Ask a New Jerseyan: What Is Taylor Ham/Pork Roll?

Taylor Ham on an Everything Bagel
via lisaclarke on Flickr / CC BY-ND 2.0

If you're like us and are from the northern part of the Garden State, you'll know it only as Taylor Ham. The rest of the state calls it Pork Roll, but regardless of the name, one thing is certain: this is one very Jersey-centric staple. We've met plenty of folks from out of state who have never even heard of this breakfast-meat-of-breakfast-meats. So, dear reader, maybe you don't know what this glorious dish is all about, or maybe you order it every time you stop at one of our diners but know nothing about its origin. Maybe you're just hungry. We've got you covered – read on!

What Is It?

Plain and simply, it's processed meat. Made up of a mysterious concoction of pork, salt, sugar, spices, and yes, preservatives, the substance is packed into a tube-like mass and then either sliced and packaged or sold to be sliced. It's probably not the best thing for you, health-wise, but it sure is delicious. Especially when it's fried up and served with gooey yellow American cheese and fried eggs on a hard roll or bagel. It's also delicious atop a burger (many eateries will dub this a "Jersey Burger" if it's on their menu).

Typically the meat is indeed fried until crispy, but it can also be microwaved or grilled. Slits are cut into the sides so as to prevent the meat from curling up during the cooking process, giving it that classic "fireman's badge" look. 

What Does It Taste Like?

Think bologna, thinly sliced mild sausage, or Canadian Bacon. It's a salty meat product. Some say it tastes like SPAM. We say it's rife with umami.

Who Came Up With the Recipe?

John Taylor in Trenton, in 1856, dubbing it "Taylor's Prepared Ham" ("Booyah" to South Jerseyans who refuse to call it Taylor Ham! That's the original name, people). It was only due to the Pure Food and Drug Act of 1906 that the name needed to change, due to the product not meeting the actual legal definition of "ham"–"ham" is a certain cut of the pig, technically. The name became John Taylor’s Original Pork Roll, as it stands today, manufactured by Taylor Provisions in Trenton. Unfortunately "Pork Roll" could not be trademarked, and there were already some competitors creeping up, namely Case Pork Roll Company in 1870. Case is still a huge competitor today, and chances are, if you order up a PEC (pork roll—ahem, Taylor ham—egg and cheese), you'll only be eating one of the two.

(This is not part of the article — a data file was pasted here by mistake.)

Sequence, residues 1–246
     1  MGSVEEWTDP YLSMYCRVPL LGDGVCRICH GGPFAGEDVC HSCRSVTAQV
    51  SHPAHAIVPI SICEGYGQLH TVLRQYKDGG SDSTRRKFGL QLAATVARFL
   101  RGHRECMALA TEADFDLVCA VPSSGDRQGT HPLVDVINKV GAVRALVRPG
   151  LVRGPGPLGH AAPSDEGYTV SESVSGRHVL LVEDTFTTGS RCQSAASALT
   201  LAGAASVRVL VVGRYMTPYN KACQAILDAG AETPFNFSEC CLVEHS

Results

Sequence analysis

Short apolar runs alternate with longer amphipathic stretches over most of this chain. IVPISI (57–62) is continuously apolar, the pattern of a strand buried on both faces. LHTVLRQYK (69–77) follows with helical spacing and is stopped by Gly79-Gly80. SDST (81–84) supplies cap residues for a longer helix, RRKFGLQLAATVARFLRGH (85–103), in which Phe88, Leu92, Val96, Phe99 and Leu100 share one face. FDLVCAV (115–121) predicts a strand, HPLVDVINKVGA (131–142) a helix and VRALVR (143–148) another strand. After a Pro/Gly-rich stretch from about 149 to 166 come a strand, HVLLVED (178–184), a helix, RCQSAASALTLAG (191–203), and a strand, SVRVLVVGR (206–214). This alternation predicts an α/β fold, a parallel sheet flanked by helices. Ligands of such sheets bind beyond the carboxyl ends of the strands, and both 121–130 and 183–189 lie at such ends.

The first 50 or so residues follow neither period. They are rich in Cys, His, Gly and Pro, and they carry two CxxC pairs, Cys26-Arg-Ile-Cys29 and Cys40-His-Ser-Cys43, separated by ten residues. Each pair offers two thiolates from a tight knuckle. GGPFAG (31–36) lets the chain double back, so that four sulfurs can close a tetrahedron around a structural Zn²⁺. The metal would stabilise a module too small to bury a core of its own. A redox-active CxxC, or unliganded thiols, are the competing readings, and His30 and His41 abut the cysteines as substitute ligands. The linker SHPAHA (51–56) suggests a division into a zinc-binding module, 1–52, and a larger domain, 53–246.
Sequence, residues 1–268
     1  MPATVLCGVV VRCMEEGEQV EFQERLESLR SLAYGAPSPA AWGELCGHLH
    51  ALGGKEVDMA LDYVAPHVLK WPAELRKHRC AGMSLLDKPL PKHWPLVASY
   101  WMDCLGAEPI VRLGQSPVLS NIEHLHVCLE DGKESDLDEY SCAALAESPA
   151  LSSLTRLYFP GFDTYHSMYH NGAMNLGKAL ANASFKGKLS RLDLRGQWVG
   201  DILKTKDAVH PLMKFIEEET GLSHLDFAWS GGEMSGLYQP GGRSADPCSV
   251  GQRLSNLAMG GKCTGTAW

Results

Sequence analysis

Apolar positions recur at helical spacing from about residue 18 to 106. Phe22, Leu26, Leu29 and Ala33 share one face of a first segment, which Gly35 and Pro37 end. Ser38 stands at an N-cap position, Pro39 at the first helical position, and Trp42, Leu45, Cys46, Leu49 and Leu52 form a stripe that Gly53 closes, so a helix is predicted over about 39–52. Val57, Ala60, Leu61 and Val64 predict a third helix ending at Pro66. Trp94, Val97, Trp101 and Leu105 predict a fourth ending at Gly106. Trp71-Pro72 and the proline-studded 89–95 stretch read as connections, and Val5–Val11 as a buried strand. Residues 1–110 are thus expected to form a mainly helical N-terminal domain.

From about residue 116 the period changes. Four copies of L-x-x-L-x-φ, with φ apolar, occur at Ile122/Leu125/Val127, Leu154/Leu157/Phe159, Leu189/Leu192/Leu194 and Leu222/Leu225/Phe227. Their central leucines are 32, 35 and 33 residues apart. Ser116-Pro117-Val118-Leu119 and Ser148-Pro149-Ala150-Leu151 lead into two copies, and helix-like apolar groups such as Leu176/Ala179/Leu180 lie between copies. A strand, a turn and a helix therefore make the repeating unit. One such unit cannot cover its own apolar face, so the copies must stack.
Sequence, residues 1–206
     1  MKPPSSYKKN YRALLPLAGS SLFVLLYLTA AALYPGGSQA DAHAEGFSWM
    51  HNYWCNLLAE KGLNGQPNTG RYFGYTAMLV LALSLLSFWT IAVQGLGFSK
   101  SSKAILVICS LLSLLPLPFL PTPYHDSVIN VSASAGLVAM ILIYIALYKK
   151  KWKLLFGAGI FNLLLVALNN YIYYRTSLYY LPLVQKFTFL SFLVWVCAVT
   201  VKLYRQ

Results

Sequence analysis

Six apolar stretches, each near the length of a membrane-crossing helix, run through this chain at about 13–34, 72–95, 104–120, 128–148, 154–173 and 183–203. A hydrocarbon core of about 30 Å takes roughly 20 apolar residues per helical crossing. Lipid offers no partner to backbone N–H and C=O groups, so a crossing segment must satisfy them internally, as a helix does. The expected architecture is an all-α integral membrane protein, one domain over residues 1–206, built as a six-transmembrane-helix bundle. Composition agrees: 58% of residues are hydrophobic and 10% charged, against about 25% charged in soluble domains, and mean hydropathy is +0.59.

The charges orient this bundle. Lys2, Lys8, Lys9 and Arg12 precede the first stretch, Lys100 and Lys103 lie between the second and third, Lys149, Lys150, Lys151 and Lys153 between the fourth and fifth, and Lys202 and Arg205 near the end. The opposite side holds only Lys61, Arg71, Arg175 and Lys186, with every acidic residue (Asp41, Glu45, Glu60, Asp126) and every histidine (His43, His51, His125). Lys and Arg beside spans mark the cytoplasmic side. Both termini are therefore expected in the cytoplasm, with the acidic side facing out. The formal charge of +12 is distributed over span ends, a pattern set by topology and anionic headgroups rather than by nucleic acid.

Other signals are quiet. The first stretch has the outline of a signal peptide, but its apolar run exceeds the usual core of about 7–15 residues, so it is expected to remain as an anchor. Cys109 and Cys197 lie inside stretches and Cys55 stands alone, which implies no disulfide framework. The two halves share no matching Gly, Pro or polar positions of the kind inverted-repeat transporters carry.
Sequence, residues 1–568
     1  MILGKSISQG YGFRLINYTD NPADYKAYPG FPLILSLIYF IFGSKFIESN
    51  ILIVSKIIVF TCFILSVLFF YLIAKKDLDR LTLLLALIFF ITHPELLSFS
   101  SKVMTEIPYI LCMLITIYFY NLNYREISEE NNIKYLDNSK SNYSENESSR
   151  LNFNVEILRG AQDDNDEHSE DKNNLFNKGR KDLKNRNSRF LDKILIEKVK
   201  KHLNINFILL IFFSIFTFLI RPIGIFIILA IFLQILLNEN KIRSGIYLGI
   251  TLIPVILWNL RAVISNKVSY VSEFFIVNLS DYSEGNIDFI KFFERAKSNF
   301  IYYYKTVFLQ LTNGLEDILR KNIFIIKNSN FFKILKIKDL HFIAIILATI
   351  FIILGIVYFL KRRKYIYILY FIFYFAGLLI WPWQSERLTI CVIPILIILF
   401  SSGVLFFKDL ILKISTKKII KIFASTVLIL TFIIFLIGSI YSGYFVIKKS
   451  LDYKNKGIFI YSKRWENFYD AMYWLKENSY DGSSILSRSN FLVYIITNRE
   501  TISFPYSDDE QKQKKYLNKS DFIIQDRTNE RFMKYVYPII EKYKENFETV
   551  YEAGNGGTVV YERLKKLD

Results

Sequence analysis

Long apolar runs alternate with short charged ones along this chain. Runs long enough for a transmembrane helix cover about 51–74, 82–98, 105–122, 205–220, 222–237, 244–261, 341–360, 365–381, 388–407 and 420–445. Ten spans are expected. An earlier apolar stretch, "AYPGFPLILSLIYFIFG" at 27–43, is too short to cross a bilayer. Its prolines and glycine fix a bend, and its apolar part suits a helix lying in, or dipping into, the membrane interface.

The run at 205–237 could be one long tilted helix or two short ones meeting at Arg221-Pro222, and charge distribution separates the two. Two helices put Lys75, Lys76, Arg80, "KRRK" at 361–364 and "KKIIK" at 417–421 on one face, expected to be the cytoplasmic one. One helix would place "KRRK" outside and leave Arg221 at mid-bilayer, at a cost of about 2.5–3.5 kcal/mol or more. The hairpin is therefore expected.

So, Is There Only One "Official" Kind?

Remember: Taylor Pork Roll is to Band-Aids, as pork roll is to first aid bandages. If you want the best (and the original), though, you'll go the "Taylor" route. 

Can I Only Get Pork Roll in New Jersey?

Pretty much. However, great news for those who've moved away from the Garden State, or folks just wishing to partake in the phenomenon: ships nationwide! You also might see it on menus or in grocery stores in Delaware, and parts of Maryland and Pennsylvania, especially Philadelphia. Anywhere else its served is doing it for the irony or nostalgia. Dunkin' Donuts is even hopping on the bandwagon with a Pork Roll Breakfast Sandwich, offered in the Philly area (as well as Northern New Jersey – we noticed a sign in our Essex County location) for its second summer.

Yes, There are Two (Rival) Festivals Celebrating It

Two festivals celebrating the glorious pork treat take place every year, both in Trenton. Yes, there are two Pork Roll festivals happening on the same day in the same town. Residents and Philly visitors alike will tell you that the rivalry between the two festivals is on the same level as Pat's vs. Geno's.

In 2014, T.C. Nelson and Scott Miller hosted the inaugural Pork Roll Festival at Nelson's restaurant and bar, Trenton Social, to over 4,000 pork roll foodies. The following year, the two brawled about the location of the festival and split off. Miller, the producer of the inaugural festival, hosted the 2nd annual festival at Mill Hill Park. Meanwhile, Nelson hosted his own at Trenton Social, dubbing it the Trenton Pork Roll Festival. Needless to say, it got ugly, with Miller sending Nelson a cease-and-desist letter. However, the dueling festivals were back in 2016 – same day, same town, 10 minutes apart. 

The Pork Roll Festival (Miller's) at Mill Hill Park is more family oriented, with lots of contests (be the Pork Roll Queen, name the festival's mascot, a recipe contest, and a coloring contest) and kid-friendly activities, while Nelson's Trenton Pork Roll Festival is a bit more "high brow," with a guided bike tour and vendors serving up pork roll sushi, pork roll poutine, and funnel cake with diced pork roll and Jameson caramel apples. Both events feature live music. 

Yes, Our President Even Commented on It...

As you can already gather from this article, the name of this processed meat product is surely a hot-button issue. So hot in fact, that President Obama mentioned it during his 2016 commencement speech at Rutgers University. "I come here for a simple reason... to settle this Pork Roll vs. Taylor Ham question. I'm just kidding. There's not much I'm afraid to take on in my final year of office, but I know better than to get in the middle of that debate." Smart move, Obama, smart move.

In other political news, NJ Assemblyman Tim Eustace has proposed a bill to make the Taylor ham/pork roll, Egg, and Cheese the official state sandwich, which would indirectly put the debate "to rest". He's even set up a ​poll on Google Forms to settle the score.

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